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Worried about radiation danger?

Chat transcript: UCLA professor Keisuke Iwamoto answered reader questions about the dangers of radiation

March 17, 2011
  • A Radnet monitor on the roof of the Bay Area Air Quality Management building in San Francisco.
A Radnet monitor on the roof of the Bay Area Air Quality Management building… (Associated Press )

UCLA professor Keisuke Iwamoto answered reader questions about the dangers of radiation exposure in a live Web chat Thursday.

Iwamoto, a faculty member at UCLA's Division of Molecular and Cellular Oncology, studies radiation exposure and how it can lead to cancer. In his research, he also has analyzed donated tissue samples from Japanese atom bomb survivors.

Here's the transcript of the chat (moderated by L.A. Times staff writer Jeannine Stein with help from reader engagement editor Martin Beck):

Jeannine Stein: Welcome to our live Web chat on the health effects of radiation. Our guest is Keisuke Iwamoto, an adjunct associate professor of experimental radiation oncology. His research interests include how the body responds to radiation exposure and how it can lead to cancer. Welcome, Dr. Iwamoto, and thanks very much for being here today.

Kei Iwamoto: Hi everyone, thanks for being here. I hope I can answer some of your questions.

Jeannine Stein: I'll start off by asking something that's on a lot of people's minds: Radioactive isotopes are headed toward California after being released from the nuclear plant in Japan. We've been told that there's nothing to worry about, that the radiation levels are very low and not potentially harmful. Still, many people are worried. From what you know about this, is there any cause for alarm at this point?

Kei Iwamoto: There should be no alarm from the radiation because it will be so diluted and negligible by the time it gets here.

Comment From John: Should I buy Iodine tablets?

Kei Iwamoto: Hi John, there should be no need to buy the tablets except for nutritional purposes; i.e, you are deficient in iodine.

Jeannine Stein: Would there be side effects if people did take them without needing them?

Kei Iwamoto: There are studies that excessive iodine can be unhealthful; for example there can be allergic reactions, and in some cases it can actually cause goiter, which is ironic because deficiency is usually connected with goiter.

Comment from Joyful Diligence: What are 'harmful levels' of radiation in the short run and long-run? Cant even the slightest exposure to radiation require cancer in a person?

Kei Iwamoto: Hi Joyful, this is actually a complicated question. Defining a dose as high and low does not really describe the real situations. The range that we use in the radiation field generally runs from microsieverts to tens of sieverts; one sievert is a million microsieverts.

Background, from the rocks around us, the radiation from space, etc. give us about 3,000 microsieverts a year. Even pilots can get an extra 1,000 microsieverts a year from flying. The amount of radiation from Japan will be very much below the above doses I've just described, so the cancer risk will be negligible.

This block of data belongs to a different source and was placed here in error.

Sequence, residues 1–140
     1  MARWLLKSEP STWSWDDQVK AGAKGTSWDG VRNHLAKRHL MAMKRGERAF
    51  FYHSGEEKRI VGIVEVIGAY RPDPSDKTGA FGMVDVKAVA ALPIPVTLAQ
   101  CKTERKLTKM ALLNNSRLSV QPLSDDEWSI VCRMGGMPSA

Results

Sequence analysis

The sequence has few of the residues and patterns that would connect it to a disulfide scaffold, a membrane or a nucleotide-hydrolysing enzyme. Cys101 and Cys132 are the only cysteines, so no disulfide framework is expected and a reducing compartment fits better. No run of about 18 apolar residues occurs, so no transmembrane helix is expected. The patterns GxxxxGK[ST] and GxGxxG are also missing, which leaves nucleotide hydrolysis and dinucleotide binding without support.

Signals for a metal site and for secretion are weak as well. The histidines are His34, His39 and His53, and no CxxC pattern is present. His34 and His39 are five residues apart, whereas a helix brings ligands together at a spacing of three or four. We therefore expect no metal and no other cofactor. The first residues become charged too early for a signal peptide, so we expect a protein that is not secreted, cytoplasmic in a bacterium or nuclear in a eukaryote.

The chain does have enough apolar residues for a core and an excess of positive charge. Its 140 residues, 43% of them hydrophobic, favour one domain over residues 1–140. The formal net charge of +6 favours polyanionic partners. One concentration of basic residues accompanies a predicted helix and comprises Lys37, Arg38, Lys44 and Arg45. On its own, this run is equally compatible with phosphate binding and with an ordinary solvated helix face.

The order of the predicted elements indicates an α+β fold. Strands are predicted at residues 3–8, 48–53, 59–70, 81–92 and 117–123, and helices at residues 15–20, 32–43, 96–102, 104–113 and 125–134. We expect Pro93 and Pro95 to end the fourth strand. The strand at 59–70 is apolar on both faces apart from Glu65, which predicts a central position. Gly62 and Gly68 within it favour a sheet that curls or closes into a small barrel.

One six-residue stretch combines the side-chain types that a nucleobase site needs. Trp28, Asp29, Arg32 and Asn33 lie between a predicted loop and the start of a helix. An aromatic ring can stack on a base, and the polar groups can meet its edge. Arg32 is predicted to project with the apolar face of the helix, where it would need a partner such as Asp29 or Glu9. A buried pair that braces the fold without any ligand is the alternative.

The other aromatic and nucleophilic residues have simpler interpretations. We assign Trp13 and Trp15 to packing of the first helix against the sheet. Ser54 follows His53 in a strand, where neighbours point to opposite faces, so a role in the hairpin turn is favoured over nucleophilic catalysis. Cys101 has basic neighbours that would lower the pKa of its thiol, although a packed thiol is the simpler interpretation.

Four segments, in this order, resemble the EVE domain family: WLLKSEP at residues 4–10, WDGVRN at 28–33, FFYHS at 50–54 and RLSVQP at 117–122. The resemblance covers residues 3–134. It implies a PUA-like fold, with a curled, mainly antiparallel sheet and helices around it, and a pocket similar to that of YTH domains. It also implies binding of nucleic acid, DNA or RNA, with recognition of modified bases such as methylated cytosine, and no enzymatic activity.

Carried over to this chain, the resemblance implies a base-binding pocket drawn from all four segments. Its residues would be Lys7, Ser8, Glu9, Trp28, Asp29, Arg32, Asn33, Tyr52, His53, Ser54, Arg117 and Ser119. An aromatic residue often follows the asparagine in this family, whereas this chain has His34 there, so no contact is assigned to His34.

Jeannine Stein: How does the amount of radiation people may get from Japan compare to what people may be exposed to every day from flying in airplanes, getting an X-ray, etc.?

Kei Iwamoto: A medical X-ray like from a CAT scan is around 1,000 microsieverts, and the amount you might expect from Japan might be a thousand times less than that.

Comment From Concerned: I am in the very early stages of pregnancy -- 6 weeks -- living in Los Angeles. Do I need to take any precautions?

Comment From Nirav: Should pregnant woman and kids stay inside during the forecast weekend rain?. I am concerned that the radioactive materials will come down with rain.

Comment From elliot: My wife is 10 weeks pregnant. Any extra steps she should be taking?

Kei Iwamoto: The amount of radiation expected should be so negligible that there should be no effects on pregnant women and their children, in the womb or running around on the playground...

The risks from air pollution should be a greater one than that from any fallout from Japan.

Jeannine Stein: Dr. Iwamoto, is there a precedent for radiation arriving here from bombs or earlier accidents, such as Chernobyl? Do you know how much reached here? Did anything happen in terms of people's health?

Kei Iwamoto: I do not know the exact numbers but I do know that the radiation from the 1986 accident was negligible from a health standpoint; I know of no evidence that that accident caused any increase in cancer in this country.

Comment From Dimitri: I have several retired Japanese business associates in Tokyo how hard should I encourage them to hop a plane and come stay in out guest room till all this problem is resolved one way or another.

Kei Iwamoto: The current reports for radiation levels in Tokyo suggest that they are still very low (in the microsieverts per hour range), so I doubt if there will be any health effects from the radiation...

They should be safe for the time being, staying put in familiar surroundings.

Comment From V. Swaminathan: When you say the radiaton will be diluted and negligible, can you be more specific? How solid is the science on this issue?

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